December 8, 2017

Essential Doc Reads: Week of December 4

Bryan Fogel in his film 'Icarus.' Courtesy of Netflix.

Essential Doc Reads is a weekly feature in which the IDA staff recommends recent pieces about the documentary form and its processes. Here we feature think pieces and important news items from around the Internet, and articles from the Documentary magazine archive. We hope you enjoy!

At IndieWire, the filmmakers behind Icarus respond to Russia's Olympics ban for "state-sponsored doping system."

Fogel and producer Dan Cogan have now issued a statement in regards to today's announcement, which reads: "We applaud today's decision by the International Olympic Committee. As we learned in the making of our documentary Icarus, the Russian state ran a vast, state-sponsored doping system that made a mockery of the Olympic ideals of brotherhood and fair play. We salute whistleblower Dr. Grigory Rodchenkov, who risked so much to tell this story, and support all those who are willing to speak truth to power."

At The New York Times, Sopan Deb reports on Syria's first foreign language Oscar contender eluded the government.

In Little Gandhi, a new documentary about the uprising in Syria that began in 2011, two activists are trying to give an interview in Daraya, a suburb of Damascus. With the camera rolling, they pause. There is too much gunfire in the background. "The sniper is about 200 meters away from us," one of them, Muhammad Shihadeh, says in Arabic. "Our current location is out of the sniper's line of fire as much as possible." That was just one of many harrowing moments that Sam Kadi, the film's Syrian-born director, dealt with in telling the story of Ghiath Matar, an activist in Daraya who became the face of the country's earliest peaceful protests. 

At Doxx Magazine, filmmaker Julia Bacha discusses her new film on the tumultuous life of Palestinian Intifada organizer, Naila Ayesh.

Julia Bacha didn't predict the last 14 years of making films to support the peaceful movement in Palestine and Israel. After co-writing and editing Control Room (2004), about the inner-workings of the Arab satellite channel, Al Jazeera, the Brazilian-born filmmaker assumed she would turn her attention elsewhere. But a chance encounter and more exposure to regional dynamics revealed a trove of everyday champions in the shadows, dust-covered histories, and a local urgency to fill under-documented truths.

At Mashable, Brendan Gahan contends that Facebook Watch will overtake YouTube as the biggest video platform.

Mark Zuckerberg has stated that video is a priority for the platform, telling BuzzFeed that we're now in the golden age of video and that he "wouldn't be surprised if you fast-forward five years and most of the content that people see on Facebook and are sharing on a day-to-day basis is video." While YouTube still boasts more video views than any other platform, statistics show that Facebook is closing in at high speed. Even before the launch of Watch, Facebook was generating 100 million hours of video watch time.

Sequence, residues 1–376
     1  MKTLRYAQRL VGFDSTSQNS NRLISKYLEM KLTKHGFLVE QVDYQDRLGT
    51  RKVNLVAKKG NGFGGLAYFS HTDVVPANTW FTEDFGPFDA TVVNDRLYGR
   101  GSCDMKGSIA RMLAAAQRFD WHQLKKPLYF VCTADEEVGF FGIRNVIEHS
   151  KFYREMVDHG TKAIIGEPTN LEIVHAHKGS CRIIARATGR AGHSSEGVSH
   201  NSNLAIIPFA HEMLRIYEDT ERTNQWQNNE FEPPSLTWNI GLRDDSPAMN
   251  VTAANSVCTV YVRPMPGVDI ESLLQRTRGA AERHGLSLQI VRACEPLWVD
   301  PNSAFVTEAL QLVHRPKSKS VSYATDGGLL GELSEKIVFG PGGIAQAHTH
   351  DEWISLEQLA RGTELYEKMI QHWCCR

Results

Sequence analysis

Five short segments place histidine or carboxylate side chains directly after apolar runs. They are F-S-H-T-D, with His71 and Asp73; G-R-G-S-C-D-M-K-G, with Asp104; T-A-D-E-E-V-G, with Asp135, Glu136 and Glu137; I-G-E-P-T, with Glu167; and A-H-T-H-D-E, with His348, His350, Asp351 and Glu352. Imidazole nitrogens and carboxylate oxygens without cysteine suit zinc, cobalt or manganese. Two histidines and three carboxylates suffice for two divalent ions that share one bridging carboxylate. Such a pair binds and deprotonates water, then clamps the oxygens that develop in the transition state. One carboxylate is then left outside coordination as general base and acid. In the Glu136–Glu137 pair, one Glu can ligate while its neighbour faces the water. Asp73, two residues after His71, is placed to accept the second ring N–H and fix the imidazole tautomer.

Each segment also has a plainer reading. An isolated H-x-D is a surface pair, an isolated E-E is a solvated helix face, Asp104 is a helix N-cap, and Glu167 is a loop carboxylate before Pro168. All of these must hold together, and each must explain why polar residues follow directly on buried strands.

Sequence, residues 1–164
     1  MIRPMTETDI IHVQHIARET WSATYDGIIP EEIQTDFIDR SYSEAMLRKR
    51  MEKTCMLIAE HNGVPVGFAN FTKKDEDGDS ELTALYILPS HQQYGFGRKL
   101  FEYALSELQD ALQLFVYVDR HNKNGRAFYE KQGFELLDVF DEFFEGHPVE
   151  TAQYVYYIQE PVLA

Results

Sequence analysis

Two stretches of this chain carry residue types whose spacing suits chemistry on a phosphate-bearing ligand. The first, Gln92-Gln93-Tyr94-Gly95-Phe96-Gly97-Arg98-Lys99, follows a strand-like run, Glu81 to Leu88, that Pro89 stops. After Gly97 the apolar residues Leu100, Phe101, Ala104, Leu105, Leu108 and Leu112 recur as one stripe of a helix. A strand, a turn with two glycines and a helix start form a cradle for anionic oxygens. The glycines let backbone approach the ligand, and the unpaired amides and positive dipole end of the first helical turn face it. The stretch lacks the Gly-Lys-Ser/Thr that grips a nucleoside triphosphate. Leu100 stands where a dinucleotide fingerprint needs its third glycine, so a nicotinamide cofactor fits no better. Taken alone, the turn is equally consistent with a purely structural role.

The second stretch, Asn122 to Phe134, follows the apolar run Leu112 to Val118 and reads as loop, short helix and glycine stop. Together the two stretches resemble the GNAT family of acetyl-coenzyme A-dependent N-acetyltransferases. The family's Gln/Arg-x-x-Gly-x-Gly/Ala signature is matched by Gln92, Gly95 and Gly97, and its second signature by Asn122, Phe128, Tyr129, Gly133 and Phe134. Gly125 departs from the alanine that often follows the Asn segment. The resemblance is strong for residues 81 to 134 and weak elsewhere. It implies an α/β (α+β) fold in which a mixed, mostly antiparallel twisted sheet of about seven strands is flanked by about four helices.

At The New Yorker, Errol Morris calls the recent Nathan For You finale "my new favorite love story."

"Finding Frances," the Season 4 finale of the Comedy Central series Nathan for You, from the Canadian comedian Nathan Fielder, is my new favorite exploration of love. In the course of the two-hour special episode, which aired last month, Fielder goes to elaborate lengths to help a Bill Gates impersonator named Bill Heath track down Frances, the lost love of his youth. Their endeavor involves a series of zany stunts, from pretending to be the crew of the movie Mud 2 to staging a fake "fifty-seven-year" high-school reunion. But, like all great romances, the story is mixed with a real sense of tragedy and loss.

From the archives, August 2017, "Anatomy of a Scandal: 'Icarus' Shifts From Comedic Experiment to Thriller'"

The director deftly tosses aside all our expectations, ingeniously using fiction as a mere pretext not only to investigate how actors do their job, but also to gather real clues. Like an empathic detective, Greene attempts to piece together evidence of the very existence of this Sarasota, Florida television personality who’s been practically erased from history. (As a friend and co-worker of the real-life Christine notes in the film, the only reason we’re interested in her is because of how she died.) Greene makes the case that all of us - including the filmmaker himself - are complicit, are actors shaping the media narrative.

In the News:

Oscar Doc Shortlist Announced
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10 Documentary Shorts Selected for Oscar Shortlist
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DuPont Columbia Awards Announced
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Los Angeles Film Critics Circle Announces Awards
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Sundance Unveils Short Docs Lineup
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POV Marathon on WORLD Channel
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